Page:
As in other areas of the North Atlantic, cod has always been commercially the most important species in Icelandic waters, although its relative importance has been declining during the latter part of the 20th century. Other large codfishes such as saithe and haddock have also been fished extensively for the whole 20th century by the demersal fleet. In the latter half of the century the trawlers also moved to deeper water to target redfish species and Greenland halibut. Several other fish species such as flatfishes and catfishes are also important contributors to the demersal fisheries.
Pelagic fisheries concentrated exclusively on herring, until its stock collapse in the late 1960s, which led to capelin and recently blue whiting and mackerel becoming major species targeted by this fleet. The pelagic fisheries are characterized by great fluctuations in catches from one year to another as the size or migration patterns of these stocks can fluctuate considerably between years.
Invertebrate fisheries began around the middle of the 20th century, initially based on northern shrimp and nephrops lobster; the former sustained for a time one of the most valuable fisheries in Icelandic waters.
Whaling was quite important for the economy in the first decade of the 20th century, but became less significant after the First World War. After the Second World War, whaling of the large whales was only conducted from one shore station in western Iceland, while minke whaling is still conducted by smaller vessels all around Iceland.
Many other minor fisheries exist or have existed in Iceland, e.g. the lumpsucker fishery where specialised gillnets are used. Only a few species of cartilaginous fishes occur in Icelandic waters and these constitute only a minor part of current catches. However, Greenland shark fisheries with handline were among the most important fisheries in Icelandic waters in the 19th century.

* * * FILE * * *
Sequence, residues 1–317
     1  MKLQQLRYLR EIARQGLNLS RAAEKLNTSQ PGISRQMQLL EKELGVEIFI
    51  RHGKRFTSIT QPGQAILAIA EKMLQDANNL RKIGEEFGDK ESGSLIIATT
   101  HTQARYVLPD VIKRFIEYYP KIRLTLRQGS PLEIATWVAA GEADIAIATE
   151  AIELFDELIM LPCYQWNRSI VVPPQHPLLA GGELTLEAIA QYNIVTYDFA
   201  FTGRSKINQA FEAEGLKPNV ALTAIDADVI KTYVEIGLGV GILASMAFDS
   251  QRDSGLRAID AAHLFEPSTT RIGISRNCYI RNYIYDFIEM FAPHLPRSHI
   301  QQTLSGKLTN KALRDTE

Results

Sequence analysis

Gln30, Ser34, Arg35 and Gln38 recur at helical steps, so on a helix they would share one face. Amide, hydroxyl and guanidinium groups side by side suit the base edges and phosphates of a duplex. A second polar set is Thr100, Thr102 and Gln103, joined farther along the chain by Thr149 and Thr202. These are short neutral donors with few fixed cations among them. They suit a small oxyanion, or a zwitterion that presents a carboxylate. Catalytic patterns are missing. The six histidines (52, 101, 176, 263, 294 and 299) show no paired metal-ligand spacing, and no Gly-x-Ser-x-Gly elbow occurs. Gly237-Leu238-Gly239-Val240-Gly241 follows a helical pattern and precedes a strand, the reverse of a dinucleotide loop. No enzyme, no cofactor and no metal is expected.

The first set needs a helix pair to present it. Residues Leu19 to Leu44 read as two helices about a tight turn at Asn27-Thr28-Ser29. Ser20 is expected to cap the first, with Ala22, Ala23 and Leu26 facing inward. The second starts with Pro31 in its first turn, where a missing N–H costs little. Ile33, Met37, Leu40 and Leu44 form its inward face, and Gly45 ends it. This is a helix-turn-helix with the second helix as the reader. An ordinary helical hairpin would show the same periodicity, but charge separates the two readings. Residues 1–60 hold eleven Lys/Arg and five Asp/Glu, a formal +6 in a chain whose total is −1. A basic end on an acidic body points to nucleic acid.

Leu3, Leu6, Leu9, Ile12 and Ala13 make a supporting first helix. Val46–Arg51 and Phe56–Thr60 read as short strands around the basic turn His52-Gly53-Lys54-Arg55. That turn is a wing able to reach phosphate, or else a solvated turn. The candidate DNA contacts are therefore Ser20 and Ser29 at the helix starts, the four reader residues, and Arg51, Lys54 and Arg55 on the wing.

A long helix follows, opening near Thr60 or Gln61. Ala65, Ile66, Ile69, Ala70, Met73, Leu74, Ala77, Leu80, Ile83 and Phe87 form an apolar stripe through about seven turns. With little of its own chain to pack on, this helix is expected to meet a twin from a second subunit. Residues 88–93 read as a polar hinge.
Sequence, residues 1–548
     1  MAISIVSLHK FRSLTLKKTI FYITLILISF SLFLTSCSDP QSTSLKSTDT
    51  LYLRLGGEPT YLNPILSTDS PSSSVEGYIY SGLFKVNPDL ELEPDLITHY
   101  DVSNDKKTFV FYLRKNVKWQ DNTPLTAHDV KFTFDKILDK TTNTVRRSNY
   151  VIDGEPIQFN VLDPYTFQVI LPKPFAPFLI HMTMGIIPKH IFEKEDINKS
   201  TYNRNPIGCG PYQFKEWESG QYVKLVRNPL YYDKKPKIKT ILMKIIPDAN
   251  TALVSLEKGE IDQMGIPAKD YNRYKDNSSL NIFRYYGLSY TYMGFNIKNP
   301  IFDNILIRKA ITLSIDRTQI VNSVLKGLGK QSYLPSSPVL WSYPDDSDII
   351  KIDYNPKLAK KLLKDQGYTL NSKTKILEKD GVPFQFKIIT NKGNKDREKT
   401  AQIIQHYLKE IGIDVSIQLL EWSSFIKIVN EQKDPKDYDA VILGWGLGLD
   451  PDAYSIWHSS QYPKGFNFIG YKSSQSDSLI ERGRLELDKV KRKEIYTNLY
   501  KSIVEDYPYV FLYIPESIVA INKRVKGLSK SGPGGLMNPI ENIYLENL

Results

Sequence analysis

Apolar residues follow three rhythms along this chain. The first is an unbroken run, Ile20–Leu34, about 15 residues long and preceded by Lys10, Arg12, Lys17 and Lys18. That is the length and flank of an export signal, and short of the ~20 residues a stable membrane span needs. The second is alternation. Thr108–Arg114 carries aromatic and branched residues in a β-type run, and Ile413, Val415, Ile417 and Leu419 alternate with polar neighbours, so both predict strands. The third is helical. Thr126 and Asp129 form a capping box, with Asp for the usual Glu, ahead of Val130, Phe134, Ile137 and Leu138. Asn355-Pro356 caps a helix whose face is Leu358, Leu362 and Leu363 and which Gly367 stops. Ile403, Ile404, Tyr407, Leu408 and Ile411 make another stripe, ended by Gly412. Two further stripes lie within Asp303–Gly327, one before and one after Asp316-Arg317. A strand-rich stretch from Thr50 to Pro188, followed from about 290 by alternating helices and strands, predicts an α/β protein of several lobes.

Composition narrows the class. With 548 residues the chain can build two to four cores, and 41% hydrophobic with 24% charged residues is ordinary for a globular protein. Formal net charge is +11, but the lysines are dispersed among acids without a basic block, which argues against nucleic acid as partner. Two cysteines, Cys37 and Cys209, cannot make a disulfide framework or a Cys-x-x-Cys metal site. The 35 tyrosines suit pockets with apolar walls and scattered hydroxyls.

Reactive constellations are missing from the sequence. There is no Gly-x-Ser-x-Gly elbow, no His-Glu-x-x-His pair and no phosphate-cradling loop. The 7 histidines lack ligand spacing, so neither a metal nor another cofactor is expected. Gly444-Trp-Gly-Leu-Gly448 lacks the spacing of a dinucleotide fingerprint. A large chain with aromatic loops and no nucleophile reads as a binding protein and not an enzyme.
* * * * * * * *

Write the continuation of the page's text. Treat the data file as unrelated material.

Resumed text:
Freshwater recreational fisheries are popular in Iceland. These target brown trout, Arctic char and Atlantic salmon. Small scale trout fisheries are also conducted with gillnets in shallow waters, but it is illegal to catch salmon in the sea. All the Icelandic freshwater species are diadromous by origin.
Source: The Icelandic Ministry of Fisheries and Agriculture – Photo Credit: Hans-Petter field”
The northern bluefin tuna (giant gluefin tuna - Lat Thunnus thynnus) inhabits... more
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The spotted catfish's (Lat Anarrhichas minor) habitat is above the ocean floor... more
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The sea or arctic char (Lat Salvelinus alpinus) is mainly to be found in the... more
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The saithe's (Lat Pollachius virens) habitat is in the North Atlantic Ocean,... more
The plaice's (Lat Pleuronectes platessa linnaeus) habitats are in the Northeast... more
The opah's (Lat Lampris guttatus or luna) mouth is toothless and can be... more
The ocean perch (Lat Sebastes marinus) lives near the sea floor close to land... more
The northern horse mussel (Lat Modiola modiola) is one of the most common... more
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The lumpfish (Lat Cyclopterus lumpus) has no scales and the ventral fins form a... more
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This mussel (Lat Arctica islandica or Cyprina islandica) is the most common of... more
The halibut's (Lat Hippoglossus hippoglossus) habitat on the ocean floor in the... more
The Greenland halibut's (Lat Reinhardtius hippoglossoides) habitat is in the... more
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In front of both dorsal fins are hollow, poisoned spikes The dogfish's (Lat:... more
The basking shark (Lat: Cetorhinus maximus) is the second largest fish species... more